Students at the Communication University of Nanjing, China, hold a vigil on Saturday evening to mourn those killed in the Xinjiang fire.

In eastern Jiangsu province, at least dozens of students from China’s Nanjing University of Communication gathered on Saturday evening to mourn those killed in the Xinjiang fire. Videos show students holding white papers and mobile phone flashlights.

In one video, a university official was heard warning students: “Today you will pay for what you did.”

“So are you and the country,” one student shouted in response.

Campus protests continued on Sunday. At Tsinghua University, another top university in Beijing, hundreds of students gathered in a square to protest zero Covid and censorship.

Hundreds of students at Tsinghua University in Beijing gathered on Sunday to protest zero Covid and censorship.

In the videos and images circulating on social media, the students lifted the white papers and said, “Democracy and the rule of law! Freedom of expression!”

In one video, a female student shouted, “From today on, I will no longer perform blowjobs for government power!”

In other parts of the country, residents demonstrated against the isolation in their neighborhoods, following sweeping protests in Urumqi that forced authorities to announce a gradual easing of more than 100 days of isolation.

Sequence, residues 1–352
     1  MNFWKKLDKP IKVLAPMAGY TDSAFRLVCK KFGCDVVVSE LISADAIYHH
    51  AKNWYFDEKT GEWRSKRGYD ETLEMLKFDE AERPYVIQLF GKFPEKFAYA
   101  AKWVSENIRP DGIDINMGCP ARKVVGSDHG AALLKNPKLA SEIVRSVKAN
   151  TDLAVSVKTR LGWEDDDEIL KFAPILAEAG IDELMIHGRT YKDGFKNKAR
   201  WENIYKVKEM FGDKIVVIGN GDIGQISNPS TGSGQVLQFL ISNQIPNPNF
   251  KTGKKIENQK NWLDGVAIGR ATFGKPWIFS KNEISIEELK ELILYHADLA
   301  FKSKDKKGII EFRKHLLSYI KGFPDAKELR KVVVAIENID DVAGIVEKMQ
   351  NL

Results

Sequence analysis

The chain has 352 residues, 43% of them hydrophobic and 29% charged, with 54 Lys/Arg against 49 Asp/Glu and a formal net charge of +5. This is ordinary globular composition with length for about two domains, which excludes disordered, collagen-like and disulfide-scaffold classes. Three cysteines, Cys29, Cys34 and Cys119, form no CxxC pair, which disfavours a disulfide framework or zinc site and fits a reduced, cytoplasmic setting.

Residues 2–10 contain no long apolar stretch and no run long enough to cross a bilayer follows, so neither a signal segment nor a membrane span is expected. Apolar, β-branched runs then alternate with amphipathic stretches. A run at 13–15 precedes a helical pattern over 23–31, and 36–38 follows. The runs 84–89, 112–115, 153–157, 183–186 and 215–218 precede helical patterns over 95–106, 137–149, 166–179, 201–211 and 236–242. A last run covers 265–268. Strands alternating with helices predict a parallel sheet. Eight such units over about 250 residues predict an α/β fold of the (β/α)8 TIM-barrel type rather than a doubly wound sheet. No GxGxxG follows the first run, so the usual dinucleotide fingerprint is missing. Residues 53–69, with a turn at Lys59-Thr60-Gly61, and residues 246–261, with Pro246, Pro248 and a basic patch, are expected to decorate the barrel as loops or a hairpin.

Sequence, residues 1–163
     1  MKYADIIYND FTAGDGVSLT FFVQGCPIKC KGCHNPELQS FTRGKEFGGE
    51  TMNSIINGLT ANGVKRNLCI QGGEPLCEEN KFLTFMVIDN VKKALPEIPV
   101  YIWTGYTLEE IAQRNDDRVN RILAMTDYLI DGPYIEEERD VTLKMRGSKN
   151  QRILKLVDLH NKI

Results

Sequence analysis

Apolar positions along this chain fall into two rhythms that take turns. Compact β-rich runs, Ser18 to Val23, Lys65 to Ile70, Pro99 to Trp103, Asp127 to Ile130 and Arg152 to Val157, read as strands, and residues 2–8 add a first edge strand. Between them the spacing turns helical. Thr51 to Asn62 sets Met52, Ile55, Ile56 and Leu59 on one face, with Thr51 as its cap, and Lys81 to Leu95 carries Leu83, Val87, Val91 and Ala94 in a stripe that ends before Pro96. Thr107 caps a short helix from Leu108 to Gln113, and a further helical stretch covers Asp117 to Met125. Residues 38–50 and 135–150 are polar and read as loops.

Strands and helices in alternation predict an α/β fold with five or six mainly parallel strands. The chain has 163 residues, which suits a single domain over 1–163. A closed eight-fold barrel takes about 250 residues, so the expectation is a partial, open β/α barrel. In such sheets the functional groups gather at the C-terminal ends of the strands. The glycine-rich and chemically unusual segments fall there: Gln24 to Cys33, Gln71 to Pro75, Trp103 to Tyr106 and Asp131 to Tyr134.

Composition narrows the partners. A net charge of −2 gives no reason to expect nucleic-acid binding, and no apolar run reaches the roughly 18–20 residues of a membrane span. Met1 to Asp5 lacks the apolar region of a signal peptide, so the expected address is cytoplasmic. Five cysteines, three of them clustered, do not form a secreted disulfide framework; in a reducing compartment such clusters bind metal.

According to videos circulating on Chinese social media and one Urumqi resident, hundreds of Urumqi residents marched to a government building on Friday night, some holding the Chinese flag and chanting “end the isolations”. Smaller protests broke out in residential areas across the city, and in these protests, residents broke down isolation barriers and argued with authorities.

Urumqi residents demonstrated in front of a government building on Friday night against the months-long Covid isolation.

Over the weekend, anti-isolation protests shook neighborhoods in Beijing, Guangzhou and cities from Wuhan to Lanzhou.

According to social media videos, residents of multiple residential areas in Beijing disobeyed curfew orders. In a compound, residents marched and said, “Say no to Covid tests, yes to freedom!”

In the northwestern city of Lanzhou, residents rushed out of locked settlements to roam the streets freely on Saturday. Videos posted to CNN by a resident show some of them smashing a Covid workers tent and smashing a test booth.

Earlier this month, residents of the same neighborhood took to the streets to demand a response from the authorities over the death of a 3-year-old boy. He died of gas poisoning after his father was prevented from taking him to the hospital immediately.

This area and other parts of Lanzhou have been locked since October 1.